An estimated 1.19 billion passengers passed through Europe’s top 40 airports in 2023.
From air traffic control strikes to extreme weather, last year saw millions of passengers face flight delays across Europe.
But where were the biggest issues and which airlines coped the best with the conditions?
New data released by European air traffic control organisation Eurocontrol has revealed how airports and airlines performed last year.
It highlights the challenges of ensuring 10 million flights arrive and depart on time in the face of “strikes, a massive increase in adverse weather and the disruption caused by Russia’s invasion of Ukraine”.
Were delays across Europe worse in 2023?
Air traffic control strikes in France and extreme weather events over the summer had a big impact on Europe’s flights in the first half of last year. And the continued closure of Ukraine’s airspace has meant increased traffic over neighbouring countries, leading to almost daily restrictions in Hungary.
Delays en route due to ATC strikes were four times higher in 2023 than they were in 2022 with almost all affecting French airspace.
The average delay from all causes was 17.7 minutes – roughly the same as it was in 2022 but much higher than in 2019. 71 per cent of flights arrived on time and around 65 per cent departed punctually.
Airports including Lisbon and London Gatwick had frequent restrictions on capacity while the main disruptions at other hubs like Amsterdam, Heathrow and Munich came from the weather.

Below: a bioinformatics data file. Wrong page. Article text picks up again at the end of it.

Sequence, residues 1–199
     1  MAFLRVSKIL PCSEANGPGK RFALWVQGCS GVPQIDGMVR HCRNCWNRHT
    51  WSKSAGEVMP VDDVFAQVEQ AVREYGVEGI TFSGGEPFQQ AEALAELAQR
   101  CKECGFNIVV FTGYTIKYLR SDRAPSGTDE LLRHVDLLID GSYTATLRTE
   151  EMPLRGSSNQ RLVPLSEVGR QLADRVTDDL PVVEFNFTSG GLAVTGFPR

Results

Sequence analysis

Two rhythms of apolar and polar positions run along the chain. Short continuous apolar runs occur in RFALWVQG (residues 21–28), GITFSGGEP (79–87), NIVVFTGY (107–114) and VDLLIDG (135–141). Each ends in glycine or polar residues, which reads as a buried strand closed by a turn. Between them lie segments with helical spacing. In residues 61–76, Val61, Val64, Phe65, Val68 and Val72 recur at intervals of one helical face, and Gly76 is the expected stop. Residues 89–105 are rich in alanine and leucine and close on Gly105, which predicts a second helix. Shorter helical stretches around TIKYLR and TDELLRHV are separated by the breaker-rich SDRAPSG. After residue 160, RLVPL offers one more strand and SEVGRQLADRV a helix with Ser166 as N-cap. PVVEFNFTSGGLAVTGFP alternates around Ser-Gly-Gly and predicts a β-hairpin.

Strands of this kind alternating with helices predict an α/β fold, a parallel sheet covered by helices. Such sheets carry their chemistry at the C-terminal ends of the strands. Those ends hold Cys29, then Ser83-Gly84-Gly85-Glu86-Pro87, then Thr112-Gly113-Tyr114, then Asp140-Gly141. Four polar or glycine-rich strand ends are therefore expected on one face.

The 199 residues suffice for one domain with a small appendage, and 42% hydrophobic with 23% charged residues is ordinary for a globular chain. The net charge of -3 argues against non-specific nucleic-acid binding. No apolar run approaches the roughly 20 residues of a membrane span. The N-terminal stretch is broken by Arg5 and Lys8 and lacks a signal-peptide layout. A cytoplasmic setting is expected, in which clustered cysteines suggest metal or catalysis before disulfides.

France and Germany accounted for almost two-thirds of all flight delays en route. Though strikes, weather events and changes to systems made problems worse, capacity and staffing were the main issues that generated delays.
Which airlines had the fewest delays?
Four airlines – Iberia, Widerøe, Vueling and Norwegian – had arrival punctuality rates of over 80 per cent. This means they had the most flights that arrived on time.
But just Vueling and Norwegian showed improvements in punctuality when compared to 2019 – figures for all other operators went down.
The worst airlines for arrival punctuality were TAP (61 per cent), Pegasus (62 per cent) and Turkish Airlines (64 per cent).
When it comes to departing on time, the top three airports for punctuality were Oslo, Vienna and Athens. All 20 airports in Eurocontrol’s data had worse figures for departing on time than in 2019.
What are the busiest airports in Europe?
Istanbul airport handled the highest number of flights last year, setting a new record with 1,684 in one day on 22 June. Amsterdam came in second and London Heathrow in third with all three showing an increase in traffic when compared to 2022.
But a vast majority of airports are still seeing slightly fewer flights than they did in 2019.
Eurocontrol estimates that 1.19 billion passengers passed through Europe’s top 40 airports in 2023. This is significantly more than in 2022 but still lower than it was before the COVID-19 pandemic.
This increase in passenger numbers is much higher than that of flights because new aircraft models mean airlines now have more seats available than before. The data also shows those seats are being filled.
Where did people fly in 2023?
Eurocontrol has also revealed what the most popular routes were from Europe last year. Most people flew inside Europe with an average of 21,660 flights a day.
Intercontinental trips accounted for on average 5,414 flights each day.
The Middle East was the next most popular destination after Europe followed by North America, North Africa and Asia. Flights to the Asia/Pacific region saw the highest growth last year, with the number of trips up 33 per cent compared to 2022.
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